GSA Annual Meeting in Phoenix, Arizona, USA - 2019

Paper No. 17-12
Presentation Time: 11:20 AM


HAUSNER, Mark B., ALBANO, Christine, PEARSON, Chris and HUNTINGTON, Justin L., Division of Hydrologic Sciences, Desert Research Institute, 2215 Raggio Pkwy, Reno, NV 89512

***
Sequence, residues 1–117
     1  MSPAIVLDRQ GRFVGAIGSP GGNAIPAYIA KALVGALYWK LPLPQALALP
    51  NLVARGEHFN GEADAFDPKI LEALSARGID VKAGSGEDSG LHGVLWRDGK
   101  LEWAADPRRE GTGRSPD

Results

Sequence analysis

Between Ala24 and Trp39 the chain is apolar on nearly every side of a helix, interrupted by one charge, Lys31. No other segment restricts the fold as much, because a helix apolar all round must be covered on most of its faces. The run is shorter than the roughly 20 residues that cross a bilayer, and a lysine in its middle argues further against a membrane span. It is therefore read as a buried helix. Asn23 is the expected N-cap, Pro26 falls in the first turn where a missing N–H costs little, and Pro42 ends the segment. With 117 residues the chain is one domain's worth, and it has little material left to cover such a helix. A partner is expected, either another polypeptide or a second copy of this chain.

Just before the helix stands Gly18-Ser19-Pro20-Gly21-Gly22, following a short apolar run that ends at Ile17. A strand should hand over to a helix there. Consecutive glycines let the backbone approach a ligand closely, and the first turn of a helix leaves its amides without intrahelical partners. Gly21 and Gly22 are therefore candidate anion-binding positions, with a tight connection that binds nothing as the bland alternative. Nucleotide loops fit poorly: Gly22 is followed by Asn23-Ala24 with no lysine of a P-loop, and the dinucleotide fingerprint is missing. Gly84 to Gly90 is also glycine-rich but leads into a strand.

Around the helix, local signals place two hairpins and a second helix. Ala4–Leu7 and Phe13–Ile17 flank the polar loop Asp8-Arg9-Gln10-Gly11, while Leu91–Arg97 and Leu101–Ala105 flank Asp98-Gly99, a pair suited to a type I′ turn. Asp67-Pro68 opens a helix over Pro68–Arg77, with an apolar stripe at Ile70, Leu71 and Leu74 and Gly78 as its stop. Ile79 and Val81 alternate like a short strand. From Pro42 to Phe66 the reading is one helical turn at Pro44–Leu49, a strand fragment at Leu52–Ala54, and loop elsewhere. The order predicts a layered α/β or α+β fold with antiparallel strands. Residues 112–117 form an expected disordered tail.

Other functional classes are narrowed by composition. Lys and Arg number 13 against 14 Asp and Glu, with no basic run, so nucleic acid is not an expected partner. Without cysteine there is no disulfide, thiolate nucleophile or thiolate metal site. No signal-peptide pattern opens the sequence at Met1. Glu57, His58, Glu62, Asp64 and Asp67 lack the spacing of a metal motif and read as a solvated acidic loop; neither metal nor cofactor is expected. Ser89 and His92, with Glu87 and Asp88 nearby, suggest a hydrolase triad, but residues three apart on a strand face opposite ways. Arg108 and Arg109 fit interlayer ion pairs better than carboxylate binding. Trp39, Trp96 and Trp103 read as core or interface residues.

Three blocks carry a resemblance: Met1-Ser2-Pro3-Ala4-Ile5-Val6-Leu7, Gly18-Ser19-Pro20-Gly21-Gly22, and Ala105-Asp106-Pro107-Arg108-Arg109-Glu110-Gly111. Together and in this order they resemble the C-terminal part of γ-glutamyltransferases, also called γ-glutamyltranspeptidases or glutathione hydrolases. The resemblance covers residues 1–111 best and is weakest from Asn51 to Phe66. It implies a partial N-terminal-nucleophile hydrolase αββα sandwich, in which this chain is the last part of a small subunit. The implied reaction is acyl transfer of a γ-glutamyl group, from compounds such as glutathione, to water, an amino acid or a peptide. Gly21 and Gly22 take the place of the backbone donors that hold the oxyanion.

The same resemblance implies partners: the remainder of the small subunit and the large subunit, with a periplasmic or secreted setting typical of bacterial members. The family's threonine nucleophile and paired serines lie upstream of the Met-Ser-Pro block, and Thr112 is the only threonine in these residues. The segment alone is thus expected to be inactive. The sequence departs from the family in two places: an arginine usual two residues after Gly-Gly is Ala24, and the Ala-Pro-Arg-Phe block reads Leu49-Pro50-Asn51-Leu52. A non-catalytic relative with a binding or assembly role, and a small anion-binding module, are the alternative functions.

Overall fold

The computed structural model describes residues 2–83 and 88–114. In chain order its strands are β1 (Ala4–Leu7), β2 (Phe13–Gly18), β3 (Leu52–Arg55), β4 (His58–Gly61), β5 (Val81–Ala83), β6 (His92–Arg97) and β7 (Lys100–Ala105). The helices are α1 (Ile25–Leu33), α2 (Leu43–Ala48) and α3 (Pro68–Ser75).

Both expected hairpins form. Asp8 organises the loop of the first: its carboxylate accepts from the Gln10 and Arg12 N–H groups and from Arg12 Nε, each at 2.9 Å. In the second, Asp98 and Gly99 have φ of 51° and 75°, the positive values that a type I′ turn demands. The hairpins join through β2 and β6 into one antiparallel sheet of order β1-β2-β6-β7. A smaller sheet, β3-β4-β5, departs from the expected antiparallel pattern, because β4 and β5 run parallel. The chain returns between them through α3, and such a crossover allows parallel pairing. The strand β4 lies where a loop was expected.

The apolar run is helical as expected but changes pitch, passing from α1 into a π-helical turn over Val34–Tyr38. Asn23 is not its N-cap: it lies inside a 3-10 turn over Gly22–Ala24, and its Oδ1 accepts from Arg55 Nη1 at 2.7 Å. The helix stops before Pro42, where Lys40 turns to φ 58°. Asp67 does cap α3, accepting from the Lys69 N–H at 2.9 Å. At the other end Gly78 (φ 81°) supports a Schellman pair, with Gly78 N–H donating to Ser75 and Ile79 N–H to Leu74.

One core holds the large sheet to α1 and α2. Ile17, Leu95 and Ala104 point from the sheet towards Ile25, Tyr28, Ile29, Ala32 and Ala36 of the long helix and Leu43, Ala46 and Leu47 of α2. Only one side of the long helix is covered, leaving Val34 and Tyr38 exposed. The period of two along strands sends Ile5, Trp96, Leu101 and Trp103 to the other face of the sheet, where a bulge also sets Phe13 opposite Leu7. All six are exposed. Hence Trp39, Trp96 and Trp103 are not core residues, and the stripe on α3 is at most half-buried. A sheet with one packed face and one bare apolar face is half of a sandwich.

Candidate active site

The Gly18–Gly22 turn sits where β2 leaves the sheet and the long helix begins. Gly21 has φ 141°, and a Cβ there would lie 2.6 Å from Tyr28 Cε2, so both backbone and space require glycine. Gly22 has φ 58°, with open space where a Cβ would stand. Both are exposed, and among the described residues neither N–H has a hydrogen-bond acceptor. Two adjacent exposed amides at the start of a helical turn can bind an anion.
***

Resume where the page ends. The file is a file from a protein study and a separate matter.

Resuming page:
Mountain meadows are productive ecosystems with unique hydrologic, vegetative, and soil characteristics. In the Sierra Nevada, drought, climate change, and local and regional development impact meadow health, leading to encroachment by woody species and degradation of riparian habitat. Addressing this degradation presents management challenges on a regional scale. Recent advances in cloud computing have made it possible to access and analyze remotely sensed data at high spatial and temporal resolution. Here we use the Landsat archive to develop a robust and repeatable analysis to identify trends in the vegetation vigor and hydrologic function of meadows throughout the Lake Tahoe Basin. We use spatially and temporally averaged normalized difference vegetation index (NDVI) as an annual indicator of the state of the meadow for the duration of the Landsat archive (1985 – 2018). To control for both site-to-site and inter-annual variability, we use a multivariate regression that includes the full data set of 353 meadows, annual meteorological data, other remotely sensed data, and geomorphic characteristics. Using the full data set minimizes the impacts of transient signals like wildfires or restoration work. After controlling for the natural variability across the basin, the residuals of this regression identify both long-term trends in meadow condition and transient impacts, such as fire or restoration projects.